Ugandan MPs reject birth control for 15-year-old girls

Ugandan lawmakers have rejected a government proposal to allow 15-year-old girls to access birth control pills to reduce high levels of pregnancy.

Deputy Speaker Thomas Tayebwa called the idea “devilish”, saying it would “formalise [the] defilement” of girls.

A senior health ministry official said the “stigma” around young people using contraceptives should end.

Nearly a quarter of 15- to 19-year-old girls in Uganda are either pregnant or are already mothers, a survey says.

The rate increased sharply during the Covid lockdown when schools were shut for almost two years.

During a highly charged parliamentary debate on Tuesday, MP Lucy Akello questioned whether the age of consent was being lowered from the current 18 years to 15 years, the state-owned New Vision newspaper reported.

She described the proposal to offer contraceptives to 15-year-old girls as “scary”.

Ms Akello said she did not use contraceptives. “I use the natural method, the one God gave me.”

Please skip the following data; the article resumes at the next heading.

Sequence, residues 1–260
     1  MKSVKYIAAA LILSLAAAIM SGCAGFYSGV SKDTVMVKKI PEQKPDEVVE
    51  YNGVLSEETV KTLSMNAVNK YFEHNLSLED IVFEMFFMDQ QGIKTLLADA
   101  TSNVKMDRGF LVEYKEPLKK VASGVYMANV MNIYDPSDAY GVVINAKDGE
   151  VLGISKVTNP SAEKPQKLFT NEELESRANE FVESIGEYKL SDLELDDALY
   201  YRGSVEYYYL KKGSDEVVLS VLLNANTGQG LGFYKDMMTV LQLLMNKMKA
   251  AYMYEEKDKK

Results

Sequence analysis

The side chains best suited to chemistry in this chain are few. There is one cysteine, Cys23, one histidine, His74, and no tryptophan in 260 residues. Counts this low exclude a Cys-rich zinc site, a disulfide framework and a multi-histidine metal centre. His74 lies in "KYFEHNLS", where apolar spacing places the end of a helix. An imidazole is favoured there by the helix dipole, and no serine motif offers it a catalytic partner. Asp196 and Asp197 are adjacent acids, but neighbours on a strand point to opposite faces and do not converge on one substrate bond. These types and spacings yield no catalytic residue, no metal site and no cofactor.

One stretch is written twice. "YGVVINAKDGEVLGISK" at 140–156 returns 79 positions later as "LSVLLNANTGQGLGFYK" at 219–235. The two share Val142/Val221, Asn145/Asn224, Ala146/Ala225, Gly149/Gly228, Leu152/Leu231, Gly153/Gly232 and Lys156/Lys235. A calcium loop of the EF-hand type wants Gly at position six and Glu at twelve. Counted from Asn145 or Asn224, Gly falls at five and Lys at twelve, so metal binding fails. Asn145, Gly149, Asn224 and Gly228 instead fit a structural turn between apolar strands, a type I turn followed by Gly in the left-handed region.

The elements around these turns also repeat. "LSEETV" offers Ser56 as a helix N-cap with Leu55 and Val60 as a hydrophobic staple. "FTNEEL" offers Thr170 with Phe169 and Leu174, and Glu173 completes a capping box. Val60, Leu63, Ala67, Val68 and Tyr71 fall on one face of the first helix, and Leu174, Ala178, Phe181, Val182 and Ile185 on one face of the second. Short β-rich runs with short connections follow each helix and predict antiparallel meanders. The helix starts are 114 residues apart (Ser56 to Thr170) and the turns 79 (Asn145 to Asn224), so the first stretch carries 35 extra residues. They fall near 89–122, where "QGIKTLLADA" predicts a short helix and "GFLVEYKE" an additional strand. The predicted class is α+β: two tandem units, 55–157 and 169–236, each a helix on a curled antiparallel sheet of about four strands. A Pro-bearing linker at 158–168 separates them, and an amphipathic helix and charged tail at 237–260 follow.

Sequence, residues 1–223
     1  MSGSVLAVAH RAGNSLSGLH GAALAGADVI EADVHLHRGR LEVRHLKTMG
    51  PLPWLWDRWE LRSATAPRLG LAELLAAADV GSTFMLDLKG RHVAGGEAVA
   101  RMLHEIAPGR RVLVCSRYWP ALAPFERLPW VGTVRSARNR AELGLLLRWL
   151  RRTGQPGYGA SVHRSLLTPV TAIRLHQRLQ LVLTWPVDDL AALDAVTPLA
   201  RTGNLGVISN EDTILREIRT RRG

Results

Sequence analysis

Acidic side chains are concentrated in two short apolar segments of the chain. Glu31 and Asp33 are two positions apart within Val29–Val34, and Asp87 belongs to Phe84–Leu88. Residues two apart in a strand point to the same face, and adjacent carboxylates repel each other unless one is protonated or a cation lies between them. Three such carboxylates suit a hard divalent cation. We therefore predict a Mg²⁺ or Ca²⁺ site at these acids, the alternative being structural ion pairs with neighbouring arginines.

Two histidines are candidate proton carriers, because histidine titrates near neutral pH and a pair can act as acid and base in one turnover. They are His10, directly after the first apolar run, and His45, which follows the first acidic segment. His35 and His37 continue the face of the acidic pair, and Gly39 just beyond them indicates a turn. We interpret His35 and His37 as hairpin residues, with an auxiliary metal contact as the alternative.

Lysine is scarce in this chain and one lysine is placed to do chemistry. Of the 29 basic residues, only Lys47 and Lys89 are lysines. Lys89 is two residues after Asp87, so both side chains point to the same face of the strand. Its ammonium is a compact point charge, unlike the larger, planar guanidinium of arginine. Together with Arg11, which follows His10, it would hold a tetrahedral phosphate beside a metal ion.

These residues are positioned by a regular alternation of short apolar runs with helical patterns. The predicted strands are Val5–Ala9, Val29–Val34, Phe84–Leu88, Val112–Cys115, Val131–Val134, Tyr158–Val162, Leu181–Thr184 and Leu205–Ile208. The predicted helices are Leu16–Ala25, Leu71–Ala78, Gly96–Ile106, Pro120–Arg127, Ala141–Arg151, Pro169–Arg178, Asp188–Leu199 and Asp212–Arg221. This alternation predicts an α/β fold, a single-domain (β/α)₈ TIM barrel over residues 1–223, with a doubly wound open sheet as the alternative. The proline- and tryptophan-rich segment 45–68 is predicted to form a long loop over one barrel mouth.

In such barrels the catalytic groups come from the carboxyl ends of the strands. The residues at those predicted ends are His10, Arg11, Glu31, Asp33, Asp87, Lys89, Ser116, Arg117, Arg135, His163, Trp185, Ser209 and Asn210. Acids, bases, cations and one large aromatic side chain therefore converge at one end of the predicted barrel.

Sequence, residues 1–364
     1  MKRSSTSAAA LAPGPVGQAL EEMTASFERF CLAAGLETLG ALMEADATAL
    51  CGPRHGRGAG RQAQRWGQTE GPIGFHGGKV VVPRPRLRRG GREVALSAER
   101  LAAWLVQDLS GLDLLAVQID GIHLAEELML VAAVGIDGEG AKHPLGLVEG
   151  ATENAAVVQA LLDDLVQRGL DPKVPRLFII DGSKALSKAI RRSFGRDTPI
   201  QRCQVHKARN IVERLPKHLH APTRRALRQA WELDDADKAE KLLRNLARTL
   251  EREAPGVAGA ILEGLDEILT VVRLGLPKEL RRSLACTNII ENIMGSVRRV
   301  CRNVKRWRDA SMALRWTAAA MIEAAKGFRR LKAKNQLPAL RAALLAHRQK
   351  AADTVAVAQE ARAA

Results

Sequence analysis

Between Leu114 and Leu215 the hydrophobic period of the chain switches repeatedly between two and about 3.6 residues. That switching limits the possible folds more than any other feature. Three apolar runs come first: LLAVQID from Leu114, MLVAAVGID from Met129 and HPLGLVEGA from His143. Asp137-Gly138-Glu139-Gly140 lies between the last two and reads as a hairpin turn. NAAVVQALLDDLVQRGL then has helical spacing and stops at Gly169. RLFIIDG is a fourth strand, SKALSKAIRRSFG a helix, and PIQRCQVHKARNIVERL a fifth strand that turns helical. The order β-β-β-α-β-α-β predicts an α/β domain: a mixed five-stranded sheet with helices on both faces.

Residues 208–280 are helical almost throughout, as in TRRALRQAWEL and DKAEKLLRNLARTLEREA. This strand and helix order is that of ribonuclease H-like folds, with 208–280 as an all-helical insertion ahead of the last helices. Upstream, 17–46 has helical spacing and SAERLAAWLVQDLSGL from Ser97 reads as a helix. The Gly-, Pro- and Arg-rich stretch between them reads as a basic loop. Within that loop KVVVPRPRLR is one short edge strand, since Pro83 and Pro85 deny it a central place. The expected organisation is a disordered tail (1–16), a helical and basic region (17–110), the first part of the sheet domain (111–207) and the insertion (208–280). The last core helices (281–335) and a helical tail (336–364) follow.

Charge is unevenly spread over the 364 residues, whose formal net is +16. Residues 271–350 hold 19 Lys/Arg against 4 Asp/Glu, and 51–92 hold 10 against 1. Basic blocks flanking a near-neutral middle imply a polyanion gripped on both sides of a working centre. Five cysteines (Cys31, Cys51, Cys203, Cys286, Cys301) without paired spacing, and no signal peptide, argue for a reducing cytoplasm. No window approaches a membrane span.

In her response to the debate, Primary Healthcare Minister Margaret Muhanga said the proposal had not been approved by the government but had been made by a senior medical officer, Dr Charles Olaro.

She asked if it was better for a child to get pregnant and then go on to die while giving birth, adding there was “so many teenage pregnancies”.

Dr Olaro told the privately owned Daily Monitor newspaper that access to reproductive health information was “not just a matter of choice; it is a matter of fundamental rights”.

“It is essential that we foster an environment where youth can access information on sexual and reproductive health and contraceptives for those in need without stigma, discrimination, or judgment,” Dr Olaro was quoted as saying.

However, the deputy speaker said the proposal “should never see the light of day”.

Uganda is a deeply religious society, and a group of religious leaders has also opposed the proposal, saying teenagers should just abstain from sex.

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